Summary of “What Advice Do You Wish You’d Gotten When You Graduated From College? 25 Ted Speakers Answer”

“If you don’t know what you want to do with the rest of your life, you’re not a failure. Give yourself time and get yourself experience to figure things out.” – Angela Duckworth.
“It’s okay to quit your first job – even if it was really hard to get it, it paid well, and everyone seemed to admire you for getting it. If you hate your job, you’ll be wasting your life acquiring skills, contacts and a reputation that you don’t want to use. The sooner you find something you love, the better.” – Tim Harford.
“The advice that I wish I’d gotten when I graduated from college is: Pay attention to the difference between the quick hits of excitement that come from that first kiss of a new relationship or job and those feelings you get when you think about your strong connections with family or friends. Don’t get fooled by shiny things – that shine fades over time, while the gold of strong relationships never tarnishes. Remember the differences between these feelings to help you make decisions as you go forward.” – Judson Brewer.
“Never stop learning. When we graduate college and start our careers, we often understand that we have a lot to learn, so we approach our jobs with a learning orientation. We ask questions; we observe others; we know we may be wrong; and we realize we’re works in progress. But once we gain competence in our jobs, too many of us stop learning and growing. The most successful people – in work and in life – never stop deliberately continuing to learn and improve.” – Eduardo BriceƱo.
“Give yourself more time. So many college graduates immediately start wanting to make all their dreams come true at once – this can go wrong in many ways. The first is the frustration that you’re not ‘there’ yet. It’s going to take time to find your dream career. The second is burnout. If you find your career early, you can find yourself setting all sorts of unrealistic goals with arbitrary deadlines and chase them until you drop from fatigue. You can have it all – but not all at once.” – David Burkus.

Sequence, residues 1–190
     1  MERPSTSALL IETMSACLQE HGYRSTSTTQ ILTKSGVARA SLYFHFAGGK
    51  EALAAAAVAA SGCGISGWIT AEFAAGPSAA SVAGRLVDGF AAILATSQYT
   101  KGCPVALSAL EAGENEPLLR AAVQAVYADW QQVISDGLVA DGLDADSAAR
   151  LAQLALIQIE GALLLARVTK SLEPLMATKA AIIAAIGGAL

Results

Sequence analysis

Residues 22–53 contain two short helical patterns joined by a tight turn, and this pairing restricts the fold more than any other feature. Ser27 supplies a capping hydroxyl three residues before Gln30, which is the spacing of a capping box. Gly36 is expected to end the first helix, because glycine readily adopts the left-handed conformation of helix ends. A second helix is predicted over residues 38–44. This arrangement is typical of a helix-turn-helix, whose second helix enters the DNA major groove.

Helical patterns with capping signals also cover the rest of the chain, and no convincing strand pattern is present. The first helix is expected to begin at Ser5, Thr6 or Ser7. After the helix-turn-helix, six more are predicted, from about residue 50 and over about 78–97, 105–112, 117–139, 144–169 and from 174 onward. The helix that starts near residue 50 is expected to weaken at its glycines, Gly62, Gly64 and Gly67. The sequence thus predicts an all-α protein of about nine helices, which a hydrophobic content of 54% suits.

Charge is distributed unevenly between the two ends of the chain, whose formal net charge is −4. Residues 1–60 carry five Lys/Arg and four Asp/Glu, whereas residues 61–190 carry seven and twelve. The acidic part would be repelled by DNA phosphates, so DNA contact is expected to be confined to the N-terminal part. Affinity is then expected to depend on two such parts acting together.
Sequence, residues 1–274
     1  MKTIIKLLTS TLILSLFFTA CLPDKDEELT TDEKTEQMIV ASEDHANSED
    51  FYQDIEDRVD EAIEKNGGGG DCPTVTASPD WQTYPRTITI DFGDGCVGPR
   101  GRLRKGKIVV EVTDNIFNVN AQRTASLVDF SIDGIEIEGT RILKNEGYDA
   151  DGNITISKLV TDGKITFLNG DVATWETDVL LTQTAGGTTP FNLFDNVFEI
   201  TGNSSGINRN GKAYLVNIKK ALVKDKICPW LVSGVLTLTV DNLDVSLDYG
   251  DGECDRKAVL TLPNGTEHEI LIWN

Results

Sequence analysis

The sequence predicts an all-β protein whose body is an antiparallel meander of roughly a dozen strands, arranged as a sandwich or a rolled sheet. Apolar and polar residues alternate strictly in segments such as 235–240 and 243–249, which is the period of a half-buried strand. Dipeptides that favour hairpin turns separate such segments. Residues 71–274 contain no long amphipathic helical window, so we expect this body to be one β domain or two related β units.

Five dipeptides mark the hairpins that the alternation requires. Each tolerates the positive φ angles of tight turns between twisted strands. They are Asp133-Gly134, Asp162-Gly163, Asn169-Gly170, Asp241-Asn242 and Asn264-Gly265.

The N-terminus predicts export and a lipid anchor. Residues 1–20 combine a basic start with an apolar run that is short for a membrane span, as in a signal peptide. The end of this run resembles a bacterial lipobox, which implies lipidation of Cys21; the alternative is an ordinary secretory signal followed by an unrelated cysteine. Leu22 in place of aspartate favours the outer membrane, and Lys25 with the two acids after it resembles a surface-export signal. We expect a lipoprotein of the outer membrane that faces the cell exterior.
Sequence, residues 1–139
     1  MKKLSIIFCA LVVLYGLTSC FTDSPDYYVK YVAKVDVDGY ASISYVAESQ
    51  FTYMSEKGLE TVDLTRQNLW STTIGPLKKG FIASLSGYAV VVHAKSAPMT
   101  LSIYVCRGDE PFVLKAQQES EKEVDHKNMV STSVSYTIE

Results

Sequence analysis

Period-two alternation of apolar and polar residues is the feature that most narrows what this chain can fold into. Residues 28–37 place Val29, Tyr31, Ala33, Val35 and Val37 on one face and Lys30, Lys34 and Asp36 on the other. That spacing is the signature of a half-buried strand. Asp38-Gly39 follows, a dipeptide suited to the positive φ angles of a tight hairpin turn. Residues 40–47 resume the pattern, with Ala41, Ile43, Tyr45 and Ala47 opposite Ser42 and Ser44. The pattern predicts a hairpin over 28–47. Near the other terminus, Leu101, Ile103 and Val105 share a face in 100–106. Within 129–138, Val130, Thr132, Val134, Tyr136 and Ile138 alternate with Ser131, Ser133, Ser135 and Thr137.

“Whenever possible, get as uncomfortable as possible. Challenge yourself to get outside of your comfort zone regularly – spend time with people you deeply disagree with, read books about experiences you will never have, travel to places where you don’t speak the language, and take jobs in industries you’ve never worked in before. And if you feel yourself resisting, try again. Those experiences will help you build deep empathy, and we could all use more of that.” – Anjali Kumar.
“You don’t have to pursue what you studied. I followed my heart, and now I’m happier and more satisfied with life than I could have ever envisioned. We kill ourselves looking for jobs in our fields of study, while there are a million other things we are able to do. I also wish somebody had told me money doesn’t equate to happiness. When you get a job and start working, don’t forget to live.” – Kasiva Mutua.
“When you finish college and begin your first job or internship, you’ll be keen to learn all you can and impress your employer so you can start on the path to promotions and raises. But the important thing that you might not see amidst all this excitement is the great idea that could someday become a great business or entrepreneurial venture. I’ve found the most interesting employment that life offers is often something of your own creation that you do full time or in addition to your main job. So, after you graduate from college, take the time to identify a venture that you’d like to do by yourself or with friends, and start building it. One day, you’ll be glad you started early.” – Washington Wachira.

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